Interview: Mario Van Peebles – Superstition – Part 2

The Mexican born, American raised actor/director is best know for his 1991 film, New Jack City. He is part of a true film family being the son of actor/director Melvin Van Peebles. Within his career he has acted and starred in the tv series Sonny Spoon, directed episodes of 21 Jump Street, and directed feature films Posse, Panther and Love Kills. Recently he guest starred as an agent on the FX series Damages and the series Nashville as well as directing episodes of Lost, Sons of Anarchy, NCIS, Nashville, Once Upon a Time, and Roots.

Now, he acts and stars in a new SyFy series, Superstition. Here is the second part of an interview about his latest work:

Q: Hey, I’ve been thinking about this concept that a kid grows up in a family business, goes away for a long time, then comes back to the family business and his dad is hesitant about bringing him back. And it kind of seems like the story of your life in little ways. In some ways that’s pretty fun.

superstition_screen_shot_1Mario Van Peebles: Yes, that’s great. That’s an acute observation in that some ways, yes. You know, Mark Twain has a great forward where he says all my life my father was an idiot and at 21 he was a genius. And when I wanted to go off and get into film and do all that, I went to sit down with my dad and my dad sort of said, okay, so we’re going to make you a star. And I said, well, yes, actually. He said good. He drew a little star on a piece of paper and he handed it to me. And then he said, here’s my free advice. Early to bed, early to rise, work like hell and advertise and that was it. And so I went off and, you know, I wasn’t happy with that. But I went off and I got into theater. I did a lot of plays in New York. And then I got a break in a film called Cotton Club directed by Coppola. And people I would later work with were in the film, including Nicolas Cage. And slowly, you know, got out to LA and started to work my way up. And then I got my own TV show called Sonny Spoon. And Heartbreak Ridge and started directing New Jack City, et cetera, et cetera. And I looked back later on and was really glad that my dad had, you know, sort of that thing of do it yourself, man. Do it yourself and because you can’t – everyone loves to, you know, every kid has an innate understanding of playing make believe. And we all love to, you know, play make believe. But that doesn’t mean you’re going to make a living as an actor or filmmaker. It doesn’t mean you’ll be able to monetize it. I think if everyone could do what they love, you would have a lot more food tasters and porn stars. But we’re not all cut out for that. So as much as I would love to, you know, do those, you know, that’s not what everybody’s cut out to do. So it was really good to have to fight my way up a little bit. Having the last name Van Peebles didn’t hurt. Oh, sometimes it did. But most times it didn’t. And so in a way, yes, then I circled back. I was in the family business, circled back. My dad sort of said do it yourself. But by the time I really started rocking and rolling, I was able to connect with him. And we were on a movie called Panther about the Black Panthers. And New Jack City, which was, you know, the biggest winner hit of that year. And then I did Posse. And then I went off to do a movie on the Black Panther party, which is a tricky movie politically to get done. And my dad wrote it. We produced it together. And he looked at me said, son. He said, I am so amazed that we get to work together in this lifetime and that you’re courageous. And you have the heart to do films that are not always easy to do, but films that really say something. And whether people like them or not, they’ll remember them when they see them. And that became part of what I wanted to do. I wanted to do films and television that have something to say. That entertain you, yes, but hopefully have a little nutritional value. So there are parallels to that and I suppose that to some degree in Superstition I am now playing the dad. But secretly, I want my son back. I want to work with him. This is a dream come true.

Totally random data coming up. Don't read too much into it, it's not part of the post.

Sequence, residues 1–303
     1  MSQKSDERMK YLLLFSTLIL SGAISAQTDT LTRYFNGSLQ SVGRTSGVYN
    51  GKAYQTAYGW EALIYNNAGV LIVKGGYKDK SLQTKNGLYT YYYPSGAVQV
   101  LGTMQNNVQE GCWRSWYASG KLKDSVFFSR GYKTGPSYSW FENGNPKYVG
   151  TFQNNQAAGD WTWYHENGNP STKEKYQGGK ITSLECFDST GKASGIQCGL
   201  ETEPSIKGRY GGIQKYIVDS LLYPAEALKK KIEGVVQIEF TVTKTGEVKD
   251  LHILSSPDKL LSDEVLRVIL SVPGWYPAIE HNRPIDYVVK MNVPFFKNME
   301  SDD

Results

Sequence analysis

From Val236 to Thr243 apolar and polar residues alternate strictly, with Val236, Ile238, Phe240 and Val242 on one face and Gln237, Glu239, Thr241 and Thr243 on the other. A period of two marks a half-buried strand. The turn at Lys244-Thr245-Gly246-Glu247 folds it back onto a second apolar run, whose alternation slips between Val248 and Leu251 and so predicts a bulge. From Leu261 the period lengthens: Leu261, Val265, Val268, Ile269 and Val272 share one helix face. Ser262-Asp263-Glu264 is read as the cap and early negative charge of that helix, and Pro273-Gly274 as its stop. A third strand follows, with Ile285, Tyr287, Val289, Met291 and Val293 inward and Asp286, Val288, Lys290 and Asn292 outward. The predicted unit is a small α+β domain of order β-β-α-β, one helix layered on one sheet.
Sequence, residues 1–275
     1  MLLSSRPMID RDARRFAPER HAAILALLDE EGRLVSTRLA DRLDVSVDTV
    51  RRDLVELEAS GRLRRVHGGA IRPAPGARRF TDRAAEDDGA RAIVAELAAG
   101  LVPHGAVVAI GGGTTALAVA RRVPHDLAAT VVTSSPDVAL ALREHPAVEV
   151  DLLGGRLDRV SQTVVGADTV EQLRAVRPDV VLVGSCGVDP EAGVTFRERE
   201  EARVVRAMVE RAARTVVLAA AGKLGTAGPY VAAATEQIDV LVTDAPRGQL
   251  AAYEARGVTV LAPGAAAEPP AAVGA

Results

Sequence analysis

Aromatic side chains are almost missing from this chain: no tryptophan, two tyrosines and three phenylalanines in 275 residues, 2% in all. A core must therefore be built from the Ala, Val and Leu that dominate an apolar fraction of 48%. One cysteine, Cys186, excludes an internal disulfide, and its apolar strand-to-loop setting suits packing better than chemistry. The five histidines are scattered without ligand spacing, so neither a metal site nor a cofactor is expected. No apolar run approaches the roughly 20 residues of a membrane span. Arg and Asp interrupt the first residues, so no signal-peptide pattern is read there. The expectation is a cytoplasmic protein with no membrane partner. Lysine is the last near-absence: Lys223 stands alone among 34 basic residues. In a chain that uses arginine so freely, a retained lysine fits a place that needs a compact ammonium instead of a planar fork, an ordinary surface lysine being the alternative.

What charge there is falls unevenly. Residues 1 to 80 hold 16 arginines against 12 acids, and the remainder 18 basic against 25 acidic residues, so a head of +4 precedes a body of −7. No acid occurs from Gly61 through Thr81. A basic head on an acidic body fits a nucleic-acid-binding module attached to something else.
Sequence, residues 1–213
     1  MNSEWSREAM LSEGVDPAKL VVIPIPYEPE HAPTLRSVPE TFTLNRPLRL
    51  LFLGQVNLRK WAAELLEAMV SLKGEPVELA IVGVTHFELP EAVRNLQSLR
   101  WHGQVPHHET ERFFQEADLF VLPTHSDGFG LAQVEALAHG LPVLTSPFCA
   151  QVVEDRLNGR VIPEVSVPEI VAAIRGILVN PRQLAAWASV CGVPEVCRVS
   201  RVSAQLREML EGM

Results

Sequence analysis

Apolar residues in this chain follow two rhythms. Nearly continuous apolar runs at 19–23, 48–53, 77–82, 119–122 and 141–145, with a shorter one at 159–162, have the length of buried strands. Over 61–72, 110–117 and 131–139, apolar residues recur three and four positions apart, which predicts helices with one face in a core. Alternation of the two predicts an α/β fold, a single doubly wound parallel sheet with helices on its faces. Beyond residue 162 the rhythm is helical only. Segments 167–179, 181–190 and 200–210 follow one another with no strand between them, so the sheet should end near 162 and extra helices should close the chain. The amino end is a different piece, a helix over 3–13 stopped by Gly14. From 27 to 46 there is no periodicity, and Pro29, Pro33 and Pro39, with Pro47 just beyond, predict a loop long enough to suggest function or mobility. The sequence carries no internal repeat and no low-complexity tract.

Q: Okay. So what were you looking for when you were casting for the roles of the show?

Mario Van Peebles: Yes. What I wanted was a cast that I felt – that felt smart. That felt like people that you’d want to have a drink with and that at the core felt like people that you would laugh and hug and that are in essence positive and happy to be who they are. So what do I mean by that? There are certain people that you feel from them that they enjoy being themselves. And I wanted a family that one, you believed was a family that could overcome issues that families often face. But at the core of the show it’s like life for me. I wanted the family to feel like they were multicultural. That within the dynamic of our American family, you know, you could feel that, you know, at times my wife could be, you know, more the Michelle Obama mode. But at night, you know when she’s got to get into her full set of, you know, mystic side, other things come out and other sides come out. So I wanted people who had a duality. People who were multicultural. People who could speak other languages. People who could laugh at self. And people who were bilingual. And I don’t just mean bilingual in terms of language, but even bilingual in terms of socio-economic divide. That they could talk to the brother or sister in the street or the brother and sister in the trailer park. But they could also talk to someone at the White House, kind of like that Kipling poem. You know, talk with the crowds nor lose your virtue. Walk with the kings nor lose the common touch. If neither loving friends nor foes can hurt you, and if all men count with you but none too much, if you can feel the unforgiving minute with 60 seconds of distance run, yours is the world and everything in it, which is more, you’ll be a man, my son, or a woman. And I wanted folks who kind of got the joke of life. I felt like if we’re going to do this in the long haul, I want the (funnest), best, smartest, you know, family that I can get. And that’s what we went after. And we found them. And it’s been a ride. And as we go on, it just becomes more and more that way. Not to mention the fact that some of them are legitimately my family. It’s been great.

Q: Yes. I saw that your daughter has a part of the show as Garvey. I was, like, oh, my gosh. That’s so awesome.

Mario Van Peebles: Oh, I’m glad. I’m glad. I’m glad. Yes, she’s a smart cookie. She’s at Columbia. She’s taking a semester off to do the show. And, you know, she’s old enough to get her own place. And I said, honey, you’ve got money. You don’t have to live with dad. And she said, nope, I want to live with you dad. And so we’ve been playing house. And she’s vegan. And she’s trying to keep me healthy. So we have our little vegetarian meals and we work out together at the gym. And it’s been fun. It’s been bring your daughter to work week for a couple of months and it’s great.